Over the past couple of years I have attended quarterly briefings given by CheckPoint Canada that give me some perspective on Internet security issues from a third party (relative to Microsoft, Google, Facebook, Skype, etc.) who understands not only the issues that challenge a business’s Internet security but also how they are changing over time. I’m more interested in the security issues overview and what business issues need to be considered and addressed, not the technology details. (I’ll trust CheckPoint’s sales results to be the guide as to their credibility.) CheckPoint Canada’s presentations are quite educational in this respect, in part due to the knowledge and passion of their lead technical resource for Canada.
At the most recent presentation two weeks ago I learned (i) about the evolution of CheckPoint’s new approach to addressing security at the enterprise level and (ii) about an experience that demonstrated one simple example of CheckPoint’s thoroughness at identifying and addressing Internet security issues at a personal engagement level.
In taking a new approach there are several changes in the business environment that challenge the ability of simple solutions such as firewalls and IP address identification to manage security, including intrusions such as malware and business data loss.
- Users have more than one device: a PC, a smartphone, maybe even a tablet.
- Employees need to be able to carry on personal activities, such as banking, from their place of employment
- this creates data privacy issues
- IP address-based policies no longer work – users no longer belong to one network.
- The emerging IPv6 standard means that it will become very difficult to track activity via a “single” IP address; also the IPv6 protocol is not a simple extension of IPv4’s nnn.nnn.nnn.nnn format.
- Security policies need to synchronize with a customer’s internal business processes as the priority.
- Use of collaboration tools and services is on the rise; not everyone is at one “secure” location.
- Security needs to address permission issues involving both websites and applications
- 189 new websites were created every minute in 2010
- The rise of video use for, say, marketing and support create bandwidth issues
Yet businesses obviously continue to seek protection against security breaches and data loss at minimal overhead and costs to the operation.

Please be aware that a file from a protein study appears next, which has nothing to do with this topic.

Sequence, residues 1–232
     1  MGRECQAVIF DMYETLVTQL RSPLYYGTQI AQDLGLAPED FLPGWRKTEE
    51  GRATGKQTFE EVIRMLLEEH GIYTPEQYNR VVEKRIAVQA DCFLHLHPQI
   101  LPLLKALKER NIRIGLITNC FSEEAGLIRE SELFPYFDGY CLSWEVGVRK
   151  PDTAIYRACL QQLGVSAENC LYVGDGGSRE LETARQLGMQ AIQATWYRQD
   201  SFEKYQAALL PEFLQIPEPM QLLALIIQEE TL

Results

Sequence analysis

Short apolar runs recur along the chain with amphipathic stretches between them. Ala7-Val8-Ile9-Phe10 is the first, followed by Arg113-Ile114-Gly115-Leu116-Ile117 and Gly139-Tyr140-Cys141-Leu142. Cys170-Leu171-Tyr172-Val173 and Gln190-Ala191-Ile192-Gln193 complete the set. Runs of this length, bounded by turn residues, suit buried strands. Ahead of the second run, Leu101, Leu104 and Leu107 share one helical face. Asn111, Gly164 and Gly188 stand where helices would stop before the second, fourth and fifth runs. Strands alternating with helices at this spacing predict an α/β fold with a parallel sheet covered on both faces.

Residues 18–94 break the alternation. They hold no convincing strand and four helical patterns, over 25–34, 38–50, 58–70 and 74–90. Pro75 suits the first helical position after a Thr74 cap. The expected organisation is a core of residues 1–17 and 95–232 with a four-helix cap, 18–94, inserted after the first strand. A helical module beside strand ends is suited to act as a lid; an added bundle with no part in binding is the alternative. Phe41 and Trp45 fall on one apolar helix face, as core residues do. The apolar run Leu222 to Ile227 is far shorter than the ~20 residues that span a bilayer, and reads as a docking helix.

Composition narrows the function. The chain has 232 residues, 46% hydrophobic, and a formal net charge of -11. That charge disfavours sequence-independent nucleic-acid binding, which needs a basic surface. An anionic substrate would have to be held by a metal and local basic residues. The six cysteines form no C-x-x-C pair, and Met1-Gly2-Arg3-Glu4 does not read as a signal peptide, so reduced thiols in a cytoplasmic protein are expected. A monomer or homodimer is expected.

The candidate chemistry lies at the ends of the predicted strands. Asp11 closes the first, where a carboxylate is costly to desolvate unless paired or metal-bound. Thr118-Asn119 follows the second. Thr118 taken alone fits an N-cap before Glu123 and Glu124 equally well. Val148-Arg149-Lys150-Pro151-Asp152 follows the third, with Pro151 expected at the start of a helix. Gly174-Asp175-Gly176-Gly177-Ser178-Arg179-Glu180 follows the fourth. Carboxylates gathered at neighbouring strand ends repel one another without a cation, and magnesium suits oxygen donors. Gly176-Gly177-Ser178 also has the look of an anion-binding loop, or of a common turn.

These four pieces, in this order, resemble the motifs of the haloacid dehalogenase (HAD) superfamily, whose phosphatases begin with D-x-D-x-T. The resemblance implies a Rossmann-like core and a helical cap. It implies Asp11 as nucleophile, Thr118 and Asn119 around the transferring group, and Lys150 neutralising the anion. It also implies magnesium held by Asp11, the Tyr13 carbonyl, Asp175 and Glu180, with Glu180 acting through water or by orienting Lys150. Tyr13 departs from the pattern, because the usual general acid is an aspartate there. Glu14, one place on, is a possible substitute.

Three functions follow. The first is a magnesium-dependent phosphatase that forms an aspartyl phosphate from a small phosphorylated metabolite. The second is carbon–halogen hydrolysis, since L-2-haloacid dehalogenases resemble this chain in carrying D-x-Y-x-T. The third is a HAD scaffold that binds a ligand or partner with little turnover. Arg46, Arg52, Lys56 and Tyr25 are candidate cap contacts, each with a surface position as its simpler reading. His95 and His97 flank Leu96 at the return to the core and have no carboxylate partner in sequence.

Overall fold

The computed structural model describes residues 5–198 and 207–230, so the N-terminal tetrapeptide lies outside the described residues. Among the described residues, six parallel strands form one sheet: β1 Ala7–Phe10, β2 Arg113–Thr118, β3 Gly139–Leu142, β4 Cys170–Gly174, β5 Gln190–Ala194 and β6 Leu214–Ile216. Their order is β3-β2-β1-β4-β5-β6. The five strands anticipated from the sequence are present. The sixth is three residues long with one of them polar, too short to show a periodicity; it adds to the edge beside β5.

CheckPoint addresses these issues with a focus on the business’s policies, people (employees and contractors who need access) and enforcement as opposed to the underlying technology infrastructure. This is reflected in their unique ability to configure their installations to meet a business’s needs. In its infrastructure CheckPoint maintains a dynamically updated database of critical data.
In part CheckPoint addresses these issues through engagement of users as they attempt to visit a website or use an application:
- For instance, when accessing Facebook, a notification comes to the user advising of company policy and a warning about the information that cannot be shared on Facebook.
- Exceptions can be established to permit access to, say, an online banking site without inspecting data.
- All traffic is inspected to ensure SSL certification where appropriate.
One issue CheckPoint addresses is data loss prevention, both internally and externally. Here is one example of how CheckPoint has a significantly complete offering that provides a warning to the individual employee’s activity.
CheckPoint Canada’s Regional Security Engineering Manager was recently checking out one of Checkpoint’s new data loss prevention (“DLP”) tools on his home network (no, they do not have a home product, yet). He attempted to check into an Air Canada flight via the Air Canada application on his iPhone. But the DLP software identified an issue:
His personal information data – including his Aeroplan number – was going across the Internet to Air Canada as unencrypted clear text. Apparently doing an Air Canada check-in via their website is encrypted; however, until Air Canada addresses this issue for their iPhone application (they have been notified), Kellman will not be doing check-ins via his iPhone (and probably the same applies to their BlackBerry application).
Bottom Line: What I can say from the presentation is that CheckPoint has developed not only the technology expertise but also the business experience that addresses they dynamic nature of the Internet, its growth, its usage and its security threats while ensuring that individual users can be comfortable with their work and personal activities. As with business use of social media, engagement of the individual user is a key to their ongoing success. (And their recent sales growth is the best indicator of that success.)
One final comment: CheckPoint employees are heavy users of Skype and, in fact, CheckPoint has no qualms about allowing usage; in the case below, the CheckPoint customer is giving permission for its sales department to use Skype. I’ll have more to say in another post about Kellman’s use of Skype to keep in touch with his young family while having a heavy travel schedule across Canada and to CheckPoint’s headquarters in Israel.